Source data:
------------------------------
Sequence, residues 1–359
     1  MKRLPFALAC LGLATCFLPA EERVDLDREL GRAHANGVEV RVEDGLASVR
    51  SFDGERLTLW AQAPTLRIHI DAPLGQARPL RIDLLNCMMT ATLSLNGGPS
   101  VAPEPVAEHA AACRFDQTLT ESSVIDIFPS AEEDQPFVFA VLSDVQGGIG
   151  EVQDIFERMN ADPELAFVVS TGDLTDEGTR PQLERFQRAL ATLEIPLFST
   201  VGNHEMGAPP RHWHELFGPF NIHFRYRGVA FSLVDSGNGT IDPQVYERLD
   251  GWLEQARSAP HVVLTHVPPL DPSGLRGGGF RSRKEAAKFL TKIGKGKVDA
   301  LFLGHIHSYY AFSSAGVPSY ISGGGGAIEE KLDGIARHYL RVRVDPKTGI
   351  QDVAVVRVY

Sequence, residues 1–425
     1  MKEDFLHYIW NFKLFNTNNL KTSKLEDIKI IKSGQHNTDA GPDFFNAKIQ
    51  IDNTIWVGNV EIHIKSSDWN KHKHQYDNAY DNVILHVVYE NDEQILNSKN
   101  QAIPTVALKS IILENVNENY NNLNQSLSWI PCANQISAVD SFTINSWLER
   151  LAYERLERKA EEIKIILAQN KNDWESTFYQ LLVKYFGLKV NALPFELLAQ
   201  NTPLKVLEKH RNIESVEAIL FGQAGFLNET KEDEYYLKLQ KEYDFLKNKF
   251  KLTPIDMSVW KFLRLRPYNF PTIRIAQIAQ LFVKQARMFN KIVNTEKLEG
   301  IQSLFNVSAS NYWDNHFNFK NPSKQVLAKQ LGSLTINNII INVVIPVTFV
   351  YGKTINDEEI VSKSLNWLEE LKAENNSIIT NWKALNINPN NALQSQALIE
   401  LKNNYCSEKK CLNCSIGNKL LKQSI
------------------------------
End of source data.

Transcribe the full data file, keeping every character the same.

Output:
Sequence, residues 1–359
     1  MKRLPFALAC LGLATCFLPA EERVDLDREL GRAHANGVEV RVEDGLASVR
    51  SFDGERLTLW AQAPTLRIHI DAPLGQARPL RIDLLNCMMT ATLSLNGGPS
   101  VAPEPVAEHA AACRFDQTLT ESSVIDIFPS AEEDQPFVFA VLSDVQGGIG
   151  EVQDIFERMN ADPELAFVVS TGDLTDEGTR PQLERFQRAL ATLEIPLFST
   201  VGNHEMGAPP RHWHELFGPF NIHFRYRGVA FSLVDSGNGT IDPQVYERLD
   251  GWLEQARSAP HVVLTHVPPL DPSGLRGGGF RSRKEAAKFL TKIGKGKVDA
   301  LFLGHIHSYY AFSSAGVPSY ISGGGGAIEE KLDGIARHYL RVRVDPKTGI
   351  QDVAVVRVY

Sequence, residues 1–425
     1  MKEDFLHYIW NFKLFNTNNL KTSKLEDIKI IKSGQHNTDA GPDFFNAKIQ
    51  IDNTIWVGNV EIHIKSSDWN KHKHQYDNAY DNVILHVVYE NDEQILNSKN
   101  QAIPTVALKS IILENVNENY NNLNQSLSWI PCANQISAVD SFTINSWLER
   151  LAYERLERKA EEIKIILAQN KNDWESTFYQ LLVKYFGLKV NALPFELLAQ
   201  NTPLKVLEKH RNIESVEAIL FGQAGFLNET KEDEYYLKLQ KEYDFLKNKF
   251  KLTPIDMSVW KFLRLRPYNF PTIRIAQIAQ LFVKQARMFN KIVNTEKLEG
   301  IQSLFNVSAS NYWDNHFNFK NPSKQVLAKQ LGSLTINNII INVVIPVTFV
   351  YGKTINDEEI VSKSLNWLEE LKAENNSIIT NWKALNINPN NALQSQALIE
   401  LKNNYCSEKK CLNCSIGNKL LKQSI